This means when we are on a limited time allowance, diversion tactics such as checking emails and scrolling through social media get pushed to the side.

Why?

Because we realize the clock is ticking.

In addition, Parkinson’s Law also has a second advantage. Not only will it increase your output, but it may also increase your creativity.

An article in Harvard Business Review explains this principle by stating that “creativity needs some grit, in both senses of the word: an irritant to get the ball rolling (like a grain of sand births an oyster pearl), and persistence to push through to completion.”

Studies have proven “when there are no constraints on the creative process, complacency sets in, and people follow what psychologists call the path-of-least-resistance — they go for the most intuitive idea that comes to mind rather than investing in the development of better ideas.”

In short, when we face a deadline, our brain puts our creative faculties into gear, igniting the qualities of imagination and innovation.

Ways to use Parkinson’s Law to increase your productivity

Prioritize, assess, and divide

Lifehack states the best way to implement Parkinson’s Law is to make a list of all the things you need to accomplish. Once you have done this, estimate the time needed to complete each task. Then divide the time allowed for each task in half.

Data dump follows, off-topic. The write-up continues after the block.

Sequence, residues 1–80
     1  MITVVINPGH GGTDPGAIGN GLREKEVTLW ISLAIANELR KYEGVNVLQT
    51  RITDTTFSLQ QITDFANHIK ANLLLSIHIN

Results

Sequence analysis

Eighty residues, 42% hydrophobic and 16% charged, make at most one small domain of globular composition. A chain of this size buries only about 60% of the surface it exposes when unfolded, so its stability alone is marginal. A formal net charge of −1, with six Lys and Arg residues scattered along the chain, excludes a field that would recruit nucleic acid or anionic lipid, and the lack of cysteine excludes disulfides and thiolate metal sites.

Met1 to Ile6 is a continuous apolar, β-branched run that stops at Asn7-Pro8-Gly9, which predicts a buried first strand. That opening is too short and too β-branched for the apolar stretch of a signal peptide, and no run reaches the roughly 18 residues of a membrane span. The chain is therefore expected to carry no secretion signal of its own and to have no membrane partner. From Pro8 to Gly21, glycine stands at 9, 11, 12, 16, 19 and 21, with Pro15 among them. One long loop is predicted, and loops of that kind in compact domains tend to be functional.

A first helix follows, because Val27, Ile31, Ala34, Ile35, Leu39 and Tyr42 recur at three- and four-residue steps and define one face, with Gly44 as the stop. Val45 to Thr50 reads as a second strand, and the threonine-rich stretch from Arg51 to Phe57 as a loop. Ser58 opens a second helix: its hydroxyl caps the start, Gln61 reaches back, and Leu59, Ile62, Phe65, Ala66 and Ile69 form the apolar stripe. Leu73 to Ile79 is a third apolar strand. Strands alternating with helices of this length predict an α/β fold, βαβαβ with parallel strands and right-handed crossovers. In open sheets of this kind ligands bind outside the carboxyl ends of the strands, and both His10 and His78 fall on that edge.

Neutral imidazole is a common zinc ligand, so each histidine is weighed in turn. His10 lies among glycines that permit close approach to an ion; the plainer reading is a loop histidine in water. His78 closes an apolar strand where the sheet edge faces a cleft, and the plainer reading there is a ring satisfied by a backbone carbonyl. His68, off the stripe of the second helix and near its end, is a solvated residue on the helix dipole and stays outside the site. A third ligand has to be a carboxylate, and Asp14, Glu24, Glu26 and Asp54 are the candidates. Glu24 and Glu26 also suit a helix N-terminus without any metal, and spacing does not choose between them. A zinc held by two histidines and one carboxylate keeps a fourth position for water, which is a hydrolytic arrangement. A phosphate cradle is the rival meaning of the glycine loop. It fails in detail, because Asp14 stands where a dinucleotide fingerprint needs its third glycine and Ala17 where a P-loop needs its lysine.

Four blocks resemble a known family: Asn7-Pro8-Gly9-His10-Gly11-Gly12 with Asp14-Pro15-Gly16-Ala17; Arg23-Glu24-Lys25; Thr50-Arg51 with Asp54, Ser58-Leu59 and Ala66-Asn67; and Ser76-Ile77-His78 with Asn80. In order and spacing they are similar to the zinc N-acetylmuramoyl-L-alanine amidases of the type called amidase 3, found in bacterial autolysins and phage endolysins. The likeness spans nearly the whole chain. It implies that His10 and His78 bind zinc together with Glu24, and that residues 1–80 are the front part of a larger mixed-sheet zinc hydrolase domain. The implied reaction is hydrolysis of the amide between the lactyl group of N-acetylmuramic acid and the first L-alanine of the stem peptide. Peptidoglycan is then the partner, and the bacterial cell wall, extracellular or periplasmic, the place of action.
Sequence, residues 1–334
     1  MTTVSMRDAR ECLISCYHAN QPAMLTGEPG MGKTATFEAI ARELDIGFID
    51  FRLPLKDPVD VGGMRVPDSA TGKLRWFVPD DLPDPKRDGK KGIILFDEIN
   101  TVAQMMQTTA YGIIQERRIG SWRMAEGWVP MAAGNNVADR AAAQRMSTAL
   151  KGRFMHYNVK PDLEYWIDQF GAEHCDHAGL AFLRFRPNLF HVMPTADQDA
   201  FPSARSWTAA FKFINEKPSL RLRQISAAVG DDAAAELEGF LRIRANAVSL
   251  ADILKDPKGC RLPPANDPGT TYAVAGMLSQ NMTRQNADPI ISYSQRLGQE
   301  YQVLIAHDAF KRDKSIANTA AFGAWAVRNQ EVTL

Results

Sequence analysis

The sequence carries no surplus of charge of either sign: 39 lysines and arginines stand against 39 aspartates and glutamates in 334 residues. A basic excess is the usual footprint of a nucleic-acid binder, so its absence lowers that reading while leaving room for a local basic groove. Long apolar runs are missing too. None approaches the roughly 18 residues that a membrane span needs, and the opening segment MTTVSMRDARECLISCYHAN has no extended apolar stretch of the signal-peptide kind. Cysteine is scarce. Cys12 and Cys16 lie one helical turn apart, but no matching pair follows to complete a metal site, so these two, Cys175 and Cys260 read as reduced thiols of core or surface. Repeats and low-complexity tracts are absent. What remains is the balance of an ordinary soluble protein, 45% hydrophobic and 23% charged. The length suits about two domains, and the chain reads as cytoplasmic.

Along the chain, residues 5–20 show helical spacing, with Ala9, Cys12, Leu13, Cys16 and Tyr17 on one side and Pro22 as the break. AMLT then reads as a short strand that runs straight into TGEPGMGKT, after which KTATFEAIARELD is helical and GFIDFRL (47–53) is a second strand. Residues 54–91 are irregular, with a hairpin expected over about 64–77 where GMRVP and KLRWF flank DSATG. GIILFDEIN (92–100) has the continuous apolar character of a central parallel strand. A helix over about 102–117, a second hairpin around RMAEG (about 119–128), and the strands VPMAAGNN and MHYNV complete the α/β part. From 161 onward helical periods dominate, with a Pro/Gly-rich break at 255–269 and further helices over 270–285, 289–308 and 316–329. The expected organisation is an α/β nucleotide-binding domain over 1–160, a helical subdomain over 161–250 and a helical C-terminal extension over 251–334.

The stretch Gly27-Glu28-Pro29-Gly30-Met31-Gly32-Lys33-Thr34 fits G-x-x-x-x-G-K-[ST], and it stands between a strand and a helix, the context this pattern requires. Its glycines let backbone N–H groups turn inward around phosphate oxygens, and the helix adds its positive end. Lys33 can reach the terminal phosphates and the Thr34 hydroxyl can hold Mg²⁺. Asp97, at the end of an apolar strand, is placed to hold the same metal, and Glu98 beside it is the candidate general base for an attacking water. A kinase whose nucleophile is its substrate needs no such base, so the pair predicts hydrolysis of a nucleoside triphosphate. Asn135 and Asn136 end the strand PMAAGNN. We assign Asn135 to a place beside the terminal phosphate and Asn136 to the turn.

They suggest the use of a timing device when you begin working, such as one found on your phone or computer.

Separate large tasks into smaller ones

One easy way to make these time constraints less intimidating is to break the overall task down into smaller steps.

For example, let’s say your goal is to clean your house. Instead of setting a time limit for cleaning the whole house, decide on a limited time to clean the bedroom, dust the furniture, or mop or vacuum your floors.

Focus on the problematic aspects of the task first

When you begin to work under these time constraints, immediately dive into the “deep end.” Tackle the most physically or intellectually draining parts of the task first.

Though it’s incredibly tempting to start work on the easy aspects of a task, it’s also extremely detrimental to achieving your ultimate goal.

This is why you should commit to working on the most challenging parts of the task first. Then, once you complete the most taxing things, you can shift your focus to smaller, more trivial aspects of the job at hand.

The bottom line:

Parkinson’s Law is not about rushing. It’s about forcing ourselves to do what we really need to do: plan, focus, and prioritize. It’s about training our brain to spend less time on coffee breaks and more time getting the work done.

Albert Einstein said that “time is an illusion.” And while this may be true in physics, it is definitely not due in a hectic world filled with multiple responsibilities.

The truth is the better we use our time to do the things we need to do, the more time we have to do the things we want to do.

And I’m betting you want a little more of that time, right? I sure as heck know I do.

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Sanford, NC